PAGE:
Umbrella Company Employees and other contracting techies specialising in cybersecurity can anticipate an exceptionally busy year in 2017, with cyberattacks and unforeseen security holes proliferating on an unprecedented scale.

This is according to ITProPortal journalist and tech expert Jonathan Couch, who makes a profound observation at the start of his forecasts for 2017:

“Humans are both the problem and the solution, the potential weak point and the potential crisis-averter. For example, humans will keep making security decisions, but also orchestrate attacks; humans will overlook critical signs and warnings, but also have the ability to rectify oversights and mistakes. Human beings will be in the loop throughout the process – even as technology advances significantly in 2017.”

IT contractors speculating about what security issues will encompass in the coming year may be interested in Couch’s predictions. Here they are:

2017 will see the biggest investment in cybersecurity 

Cyberattacks grew in scale, audacity and number during 2016, ranging from the massive Mirai botnet attack on Internet performance management company Dyn (widely regarded as the largest of its kind ever) to the colossal 620-Gbps DDoS attack on security website Krebs on Security. Couch believes that this trend will continue apace in 2017, with the result being that companies from a large range of sectors will gear up to expand their investment in cybersecurity. Defences will need to become ever more sophisticated and watertight to keep pace with escalating attacks.

Cyberattacks will spread further thanks to IoT 

IoT presents both enormous progress and a danger: the Mirai botnet attack on Dyn mentioned above was so devastating because it consisted of vast numbers of compromised IoT devices such as DVR players and webcams. Couch predicts an intense focus on limiting the threat from IoT devices next year.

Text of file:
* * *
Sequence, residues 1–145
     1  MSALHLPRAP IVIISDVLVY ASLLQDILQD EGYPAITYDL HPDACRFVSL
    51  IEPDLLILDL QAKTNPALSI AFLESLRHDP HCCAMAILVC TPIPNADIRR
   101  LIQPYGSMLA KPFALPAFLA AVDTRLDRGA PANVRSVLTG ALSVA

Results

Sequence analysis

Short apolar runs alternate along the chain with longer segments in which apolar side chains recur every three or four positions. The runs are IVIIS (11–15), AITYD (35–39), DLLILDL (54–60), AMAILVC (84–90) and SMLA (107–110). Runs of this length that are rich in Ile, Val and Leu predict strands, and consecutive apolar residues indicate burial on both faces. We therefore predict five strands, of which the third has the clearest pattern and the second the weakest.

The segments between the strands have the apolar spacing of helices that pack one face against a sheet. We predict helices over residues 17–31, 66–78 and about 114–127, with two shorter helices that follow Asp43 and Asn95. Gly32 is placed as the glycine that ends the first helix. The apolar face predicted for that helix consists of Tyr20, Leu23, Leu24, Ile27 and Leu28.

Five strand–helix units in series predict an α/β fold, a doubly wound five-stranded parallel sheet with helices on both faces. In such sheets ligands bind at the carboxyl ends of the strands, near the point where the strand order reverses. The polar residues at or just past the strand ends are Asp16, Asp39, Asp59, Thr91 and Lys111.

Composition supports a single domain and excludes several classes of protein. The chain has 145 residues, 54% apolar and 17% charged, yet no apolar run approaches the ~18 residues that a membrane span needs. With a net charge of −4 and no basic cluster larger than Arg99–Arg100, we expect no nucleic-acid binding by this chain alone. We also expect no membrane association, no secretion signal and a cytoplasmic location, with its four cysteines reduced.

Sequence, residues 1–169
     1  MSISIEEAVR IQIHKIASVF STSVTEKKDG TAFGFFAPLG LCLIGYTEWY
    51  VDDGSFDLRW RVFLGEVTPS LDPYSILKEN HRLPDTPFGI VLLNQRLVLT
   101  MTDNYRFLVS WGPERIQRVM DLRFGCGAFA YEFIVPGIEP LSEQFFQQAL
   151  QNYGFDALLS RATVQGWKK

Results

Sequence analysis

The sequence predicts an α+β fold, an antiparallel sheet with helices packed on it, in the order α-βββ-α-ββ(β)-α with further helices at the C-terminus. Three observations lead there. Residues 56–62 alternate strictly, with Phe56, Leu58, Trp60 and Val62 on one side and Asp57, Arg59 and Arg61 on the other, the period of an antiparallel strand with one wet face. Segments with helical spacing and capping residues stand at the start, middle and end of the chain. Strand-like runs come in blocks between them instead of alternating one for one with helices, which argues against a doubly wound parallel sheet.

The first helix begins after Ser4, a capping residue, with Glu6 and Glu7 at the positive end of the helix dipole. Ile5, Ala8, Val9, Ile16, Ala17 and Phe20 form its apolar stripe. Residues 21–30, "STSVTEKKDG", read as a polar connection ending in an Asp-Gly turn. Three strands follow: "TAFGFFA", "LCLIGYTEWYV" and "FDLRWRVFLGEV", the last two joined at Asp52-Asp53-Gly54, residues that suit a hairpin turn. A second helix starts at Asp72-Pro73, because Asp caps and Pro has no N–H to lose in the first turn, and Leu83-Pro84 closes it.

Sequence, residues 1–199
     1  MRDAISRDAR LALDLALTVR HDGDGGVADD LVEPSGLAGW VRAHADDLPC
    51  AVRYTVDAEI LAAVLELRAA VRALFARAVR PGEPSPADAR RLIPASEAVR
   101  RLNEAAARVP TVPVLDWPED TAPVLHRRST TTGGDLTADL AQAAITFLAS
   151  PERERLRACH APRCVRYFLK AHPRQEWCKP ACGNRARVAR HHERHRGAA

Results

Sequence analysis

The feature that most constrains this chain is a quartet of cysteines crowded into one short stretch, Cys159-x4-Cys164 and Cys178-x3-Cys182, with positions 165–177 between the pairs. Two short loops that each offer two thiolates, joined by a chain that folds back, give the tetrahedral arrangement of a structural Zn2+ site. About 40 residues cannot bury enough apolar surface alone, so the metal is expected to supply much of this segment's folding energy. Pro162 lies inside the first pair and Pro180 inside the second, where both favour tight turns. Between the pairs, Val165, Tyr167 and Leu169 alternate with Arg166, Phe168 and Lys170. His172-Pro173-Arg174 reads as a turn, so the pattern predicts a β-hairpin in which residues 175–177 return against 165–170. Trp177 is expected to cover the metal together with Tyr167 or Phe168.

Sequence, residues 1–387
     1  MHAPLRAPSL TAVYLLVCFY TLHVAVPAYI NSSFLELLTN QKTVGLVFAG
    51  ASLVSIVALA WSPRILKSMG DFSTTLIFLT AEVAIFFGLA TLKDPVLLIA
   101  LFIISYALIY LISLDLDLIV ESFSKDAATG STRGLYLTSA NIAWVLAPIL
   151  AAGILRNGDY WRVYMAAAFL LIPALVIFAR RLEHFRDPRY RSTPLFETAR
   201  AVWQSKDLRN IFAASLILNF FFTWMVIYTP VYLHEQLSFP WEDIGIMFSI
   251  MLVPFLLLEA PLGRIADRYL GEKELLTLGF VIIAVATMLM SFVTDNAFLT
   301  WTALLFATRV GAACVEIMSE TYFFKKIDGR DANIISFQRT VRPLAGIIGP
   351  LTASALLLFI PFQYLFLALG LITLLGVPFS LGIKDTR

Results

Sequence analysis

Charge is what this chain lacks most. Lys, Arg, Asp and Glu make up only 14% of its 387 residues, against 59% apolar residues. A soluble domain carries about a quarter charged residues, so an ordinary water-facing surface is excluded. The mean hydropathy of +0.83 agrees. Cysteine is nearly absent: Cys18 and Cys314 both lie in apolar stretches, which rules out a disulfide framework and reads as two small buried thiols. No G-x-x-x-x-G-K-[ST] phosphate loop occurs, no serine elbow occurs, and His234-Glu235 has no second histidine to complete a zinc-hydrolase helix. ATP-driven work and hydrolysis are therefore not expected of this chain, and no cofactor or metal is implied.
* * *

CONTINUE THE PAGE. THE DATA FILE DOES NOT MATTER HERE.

BYOD and the rise of remote workforces will drive new technologies to combat security dangers 

Cybercriminals have been busily targeting all types of mobile gadgets thanks to the boom in Bring Your Own Device (BYOD). CIOs are more aware than ever of the need for new technologies capable of keeping information on their networks safe (as well as their reputations) even as BYOD proliferates.

Passwords will cede more ground to biometrics 

Passwords are increasingly seen as vulnerable as cyberattacks grow more sophisticated. Expect new biometric technologies to expand in 2017, from eye scans to open mobile bank accounts to novel forms of authentication such as behavioural biometrics, which uses intelligent algorithms to construct unique user profiles based on their interactions with their devices.

Resilience will become crucial 

Networks will be fashioned as never before, with agile integral security capabilities able to recover automatically from all of the attacks noted above.

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